Talk Real in Tirana: Nationalism and Populism beyond the EU

We explore the effects of nationalism beyond France and the borders of the Union, the rise of the National Front and other populists movements and its repercussions in other European countries.

Europe celebrates the victory of Emmanuel Macron while he vows unity after winning French presidential election on Sunday. After the Brexit vote and the election of Donald Trump as US president, the race for the Élysée was the latest election to shake up establishment politics by kicking out the figures that stood for the status quo. Brussels welcomes Macron in the atmosphere of a “European spring” where the extremists have received two setbacks in two key countries for the EU, the Netherlands and France. European Commission President Jean-Claude Juncker has summed up Brussels’ sentiment by declaring himself happy that the French have chosen a European future.

But is this the end of far right and nationalist parties in Europe? One would made the mistake of thinking the battle has been won by the democrats, progressives and the liberals with Macron in the Élysée. One should not forget that 43% of the voters of Macron chose him because either they refused to vote the traditional parties, or because they wanted to stop the rise of far-right Front National. More than a third of those who have voted in the second round have done so by Marine Le Pen. The result of the French elections might have been better than the victories of Trump and Brexit, but in a sense, the political and social is worse in these cases. Marine Le Pen’s almost 11 million votes — more than 1 in 3 of the total cast — making the best result for her far-right party, it is not a result to celebrate. This record in the Far-Right vote suggests the populist surge is not over; if we fail to reframe the European institutions, we risk to have Le Pen as president in 2022.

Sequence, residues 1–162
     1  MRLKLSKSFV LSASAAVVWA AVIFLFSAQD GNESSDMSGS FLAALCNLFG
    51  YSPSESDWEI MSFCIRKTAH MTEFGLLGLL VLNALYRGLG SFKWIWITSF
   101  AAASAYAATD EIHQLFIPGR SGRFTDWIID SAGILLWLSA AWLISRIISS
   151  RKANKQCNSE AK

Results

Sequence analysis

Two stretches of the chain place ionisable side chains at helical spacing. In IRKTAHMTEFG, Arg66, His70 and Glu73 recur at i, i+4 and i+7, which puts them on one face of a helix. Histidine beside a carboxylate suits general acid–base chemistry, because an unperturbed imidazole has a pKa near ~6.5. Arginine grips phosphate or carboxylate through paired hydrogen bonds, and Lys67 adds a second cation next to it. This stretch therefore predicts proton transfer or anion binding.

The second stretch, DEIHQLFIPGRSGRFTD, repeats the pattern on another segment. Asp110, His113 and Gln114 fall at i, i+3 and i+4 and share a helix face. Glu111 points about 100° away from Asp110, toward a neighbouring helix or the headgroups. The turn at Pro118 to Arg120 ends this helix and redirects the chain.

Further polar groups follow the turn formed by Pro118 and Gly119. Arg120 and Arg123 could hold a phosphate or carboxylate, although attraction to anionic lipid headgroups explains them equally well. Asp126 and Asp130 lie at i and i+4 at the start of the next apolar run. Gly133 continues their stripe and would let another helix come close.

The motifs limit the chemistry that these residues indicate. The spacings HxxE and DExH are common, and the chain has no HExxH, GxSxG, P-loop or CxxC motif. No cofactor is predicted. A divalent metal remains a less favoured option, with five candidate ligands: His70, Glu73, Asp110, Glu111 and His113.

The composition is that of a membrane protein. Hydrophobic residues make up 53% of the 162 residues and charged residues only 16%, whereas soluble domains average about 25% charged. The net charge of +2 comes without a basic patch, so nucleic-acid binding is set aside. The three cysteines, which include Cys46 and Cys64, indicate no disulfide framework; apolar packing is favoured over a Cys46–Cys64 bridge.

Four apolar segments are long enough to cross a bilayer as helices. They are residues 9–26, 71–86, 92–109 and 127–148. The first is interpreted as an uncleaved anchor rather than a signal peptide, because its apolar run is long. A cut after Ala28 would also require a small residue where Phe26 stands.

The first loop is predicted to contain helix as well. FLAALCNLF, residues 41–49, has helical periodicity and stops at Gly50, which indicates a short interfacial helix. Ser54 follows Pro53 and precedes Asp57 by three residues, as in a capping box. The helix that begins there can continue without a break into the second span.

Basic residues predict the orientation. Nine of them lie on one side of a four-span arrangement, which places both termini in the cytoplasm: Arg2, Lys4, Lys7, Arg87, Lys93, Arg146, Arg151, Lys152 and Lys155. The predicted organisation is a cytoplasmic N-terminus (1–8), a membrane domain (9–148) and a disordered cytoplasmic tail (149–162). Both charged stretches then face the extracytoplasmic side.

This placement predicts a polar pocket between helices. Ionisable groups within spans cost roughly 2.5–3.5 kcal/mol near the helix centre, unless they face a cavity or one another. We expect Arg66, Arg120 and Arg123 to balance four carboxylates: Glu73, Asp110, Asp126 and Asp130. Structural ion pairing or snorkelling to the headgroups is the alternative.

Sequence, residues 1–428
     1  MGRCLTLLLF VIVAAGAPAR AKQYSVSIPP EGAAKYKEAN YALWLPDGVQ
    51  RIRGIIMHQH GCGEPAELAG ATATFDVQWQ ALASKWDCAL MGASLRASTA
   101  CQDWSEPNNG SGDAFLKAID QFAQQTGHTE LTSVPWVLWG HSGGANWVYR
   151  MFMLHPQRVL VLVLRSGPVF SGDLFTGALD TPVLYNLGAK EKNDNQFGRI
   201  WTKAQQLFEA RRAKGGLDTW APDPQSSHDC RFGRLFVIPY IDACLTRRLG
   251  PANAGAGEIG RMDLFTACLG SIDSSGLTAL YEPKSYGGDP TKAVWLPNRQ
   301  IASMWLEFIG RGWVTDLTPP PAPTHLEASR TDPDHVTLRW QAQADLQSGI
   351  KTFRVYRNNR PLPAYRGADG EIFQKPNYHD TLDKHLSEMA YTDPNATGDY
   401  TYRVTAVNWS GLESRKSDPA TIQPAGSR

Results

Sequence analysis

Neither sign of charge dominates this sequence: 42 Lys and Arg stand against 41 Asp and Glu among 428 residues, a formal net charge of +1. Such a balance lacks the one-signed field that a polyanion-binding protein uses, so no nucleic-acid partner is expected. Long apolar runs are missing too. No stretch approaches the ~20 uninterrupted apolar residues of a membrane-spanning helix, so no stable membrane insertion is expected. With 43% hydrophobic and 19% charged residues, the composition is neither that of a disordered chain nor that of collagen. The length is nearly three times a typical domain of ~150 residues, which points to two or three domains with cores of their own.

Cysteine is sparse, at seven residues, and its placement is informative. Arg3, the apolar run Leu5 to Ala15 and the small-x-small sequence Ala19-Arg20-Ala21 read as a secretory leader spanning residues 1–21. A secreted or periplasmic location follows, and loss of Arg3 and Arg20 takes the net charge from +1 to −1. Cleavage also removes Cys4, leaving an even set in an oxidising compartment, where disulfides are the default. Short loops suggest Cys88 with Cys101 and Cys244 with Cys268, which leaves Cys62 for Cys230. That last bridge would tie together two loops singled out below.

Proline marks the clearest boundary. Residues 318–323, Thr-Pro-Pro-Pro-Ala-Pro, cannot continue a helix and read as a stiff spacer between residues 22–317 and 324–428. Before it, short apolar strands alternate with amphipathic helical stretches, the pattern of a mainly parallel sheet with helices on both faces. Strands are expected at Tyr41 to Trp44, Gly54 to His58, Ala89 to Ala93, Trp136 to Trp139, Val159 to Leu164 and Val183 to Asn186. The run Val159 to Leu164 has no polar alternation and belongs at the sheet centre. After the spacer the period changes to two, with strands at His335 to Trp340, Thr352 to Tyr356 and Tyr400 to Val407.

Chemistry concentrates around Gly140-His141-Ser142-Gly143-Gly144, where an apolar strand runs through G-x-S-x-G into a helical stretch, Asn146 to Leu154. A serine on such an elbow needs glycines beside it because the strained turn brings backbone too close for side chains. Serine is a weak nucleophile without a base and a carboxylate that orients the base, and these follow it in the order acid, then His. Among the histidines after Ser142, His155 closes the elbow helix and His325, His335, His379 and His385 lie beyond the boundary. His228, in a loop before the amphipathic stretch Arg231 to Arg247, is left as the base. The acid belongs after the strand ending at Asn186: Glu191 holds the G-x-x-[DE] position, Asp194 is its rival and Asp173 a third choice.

In Nationalism and Populism beyond the EU, we explore the effects of nationalism beyond France and the borders of the Union, the rise of the National Front and other populists movements and its repercussions in other European countries. Why could Marine Le Pen aspire to win the French elections? How does the citizens of the Balkans analyze and perceive the rise of populism in Europe? Why the left has not been able to channel the wrath of many citizens, especially of the working class? We discuss it in our new Talk Real episode of the series in the Balkans.

European Alternatives

European Alternatives is a non-profit, non-state organisation working with the conviction that a transnational renovation of our political imaginations, institutions and actions needs to take place to adequately understand and address the crises Europe is facing.

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European Alternatives
European Alternatives is a non-profit, non-state organisation working with the conviction that a transnational renovation of our political imaginations, institutions and actions needs to take place to adequately understand and address the crises Europe is facing.